- Industrial Internet of Things (IIoT) presents integration architecture challenges that once solved can enable use cases that deliver fast-growing revenue opportunities.
- ISA-95 addressed the rise of global production and distributed supply chains yet are still deficient on the issue of data and security, specifically the proliferation of IIoT sensors, which are the real security perimeter of any manufacturing business.
- Finding new ways to excel at predictive maintenance, and cross-vendor shop floor integration are the most promising applications.
- IIoT manufacturing systems are quickly becoming digital manufacturing platforms that integrate ERP, MES, PLM and CRM systems to provide a single unified view of product configurations.
These and many other fascinating insights are from an article McKinsey published titled IIoT platforms: The technology stack as value driver in industrial equipment and machinery which explores how the Industrial Internet of things (IIoT) is redefining industrial equipment and machinery manufacturing. It’s based on a thorough study also published this month, Leveraging Industrial Software Stack Advancement For Digital Transformation. A copy of the study is downloadable here (PDF, 50 pp., no opt-in). The study shows how smart machines are the future of manufacturing, exploring how IIoT platforms are enabling greater machine-level autonomy and intelligence.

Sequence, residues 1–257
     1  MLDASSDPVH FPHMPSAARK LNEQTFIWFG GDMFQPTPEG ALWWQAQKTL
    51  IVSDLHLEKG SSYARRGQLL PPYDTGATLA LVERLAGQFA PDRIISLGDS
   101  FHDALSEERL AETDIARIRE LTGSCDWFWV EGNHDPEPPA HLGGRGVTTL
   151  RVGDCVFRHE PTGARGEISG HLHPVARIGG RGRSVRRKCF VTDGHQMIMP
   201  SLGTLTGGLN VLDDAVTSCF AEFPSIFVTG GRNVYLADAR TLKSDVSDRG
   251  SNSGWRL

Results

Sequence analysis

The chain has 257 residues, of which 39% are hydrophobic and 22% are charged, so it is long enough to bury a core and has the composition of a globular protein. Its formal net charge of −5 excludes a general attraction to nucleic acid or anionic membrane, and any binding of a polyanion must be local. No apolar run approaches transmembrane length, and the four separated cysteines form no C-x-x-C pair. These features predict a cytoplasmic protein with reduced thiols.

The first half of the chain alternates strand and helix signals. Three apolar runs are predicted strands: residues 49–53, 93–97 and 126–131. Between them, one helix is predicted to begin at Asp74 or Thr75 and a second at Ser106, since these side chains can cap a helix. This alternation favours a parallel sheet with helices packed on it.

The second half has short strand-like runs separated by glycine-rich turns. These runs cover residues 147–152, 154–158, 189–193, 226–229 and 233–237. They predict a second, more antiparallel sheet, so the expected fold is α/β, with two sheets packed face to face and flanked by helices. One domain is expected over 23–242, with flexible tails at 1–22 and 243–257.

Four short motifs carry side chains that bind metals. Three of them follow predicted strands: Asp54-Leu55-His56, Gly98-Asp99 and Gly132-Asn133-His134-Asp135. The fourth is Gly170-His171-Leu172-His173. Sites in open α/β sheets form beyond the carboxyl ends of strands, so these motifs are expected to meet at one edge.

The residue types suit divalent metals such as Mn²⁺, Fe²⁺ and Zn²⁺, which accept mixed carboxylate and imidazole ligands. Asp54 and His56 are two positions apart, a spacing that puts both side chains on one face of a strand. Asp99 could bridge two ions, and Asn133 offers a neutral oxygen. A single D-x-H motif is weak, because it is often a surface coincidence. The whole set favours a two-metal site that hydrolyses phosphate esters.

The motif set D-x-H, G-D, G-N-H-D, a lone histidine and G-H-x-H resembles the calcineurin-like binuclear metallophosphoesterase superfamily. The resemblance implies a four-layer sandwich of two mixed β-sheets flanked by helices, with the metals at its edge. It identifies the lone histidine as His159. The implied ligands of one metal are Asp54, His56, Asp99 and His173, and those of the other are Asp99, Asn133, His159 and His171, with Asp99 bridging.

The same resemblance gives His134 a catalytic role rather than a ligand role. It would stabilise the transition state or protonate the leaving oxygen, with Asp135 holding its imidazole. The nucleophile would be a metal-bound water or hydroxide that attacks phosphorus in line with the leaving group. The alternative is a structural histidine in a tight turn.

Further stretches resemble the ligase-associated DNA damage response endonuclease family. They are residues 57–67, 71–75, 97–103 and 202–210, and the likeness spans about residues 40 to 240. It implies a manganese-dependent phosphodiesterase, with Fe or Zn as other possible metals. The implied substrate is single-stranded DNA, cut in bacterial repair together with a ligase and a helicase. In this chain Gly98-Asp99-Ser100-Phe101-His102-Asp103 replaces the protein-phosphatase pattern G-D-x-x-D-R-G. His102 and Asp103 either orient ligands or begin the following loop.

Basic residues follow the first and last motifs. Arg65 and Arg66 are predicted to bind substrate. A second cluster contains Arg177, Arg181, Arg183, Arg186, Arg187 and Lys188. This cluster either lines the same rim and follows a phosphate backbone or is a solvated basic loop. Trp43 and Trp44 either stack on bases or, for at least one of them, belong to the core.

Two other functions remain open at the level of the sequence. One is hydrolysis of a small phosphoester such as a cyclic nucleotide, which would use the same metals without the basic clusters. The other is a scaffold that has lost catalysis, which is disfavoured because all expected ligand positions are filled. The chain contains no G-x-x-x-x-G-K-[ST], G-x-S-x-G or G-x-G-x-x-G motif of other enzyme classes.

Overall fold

The following are the key takeaways from the study:
- Capturing IIoT’s full value potential will require more sophisticated integrated approaches than current automation protocols provide. IIoT manufacturing systems are quickly becoming digital manufacturing platforms that integrate ERP, MES, PLM and CRM systems to provide a single unified view of product configurations and support the design-to-manufacturing process. Digital manufacturing platforms are already enabling real-time monitoring to the machine and shop floor level. The data streams real-time monitoring is delivering today is the catalyst leading to greater real-time analytics accuracy, machine learning adoption and precision and a broader integration strategy to the PLC level on legacy machinery. Please click on the graphic to expand for easier reading.
- Inconsistent data structures at the machine, line, factory and company levels are slowing down data flows and making full transparency difficult to attain today in many manufacturers. Smart machines with their own operating systems that orchestrate IIoT data and ensure data structure accuracy are being developed and sold now, making this growth constraint less of an issue. The millions of legacy industrial manufacturing systems will continue to impede IIoT realizing its full potential, however. The following graphic reflects the complexities of making an IIoT platform consistent across a manufacturing operation. Please click on the graphic to expand for easier reading.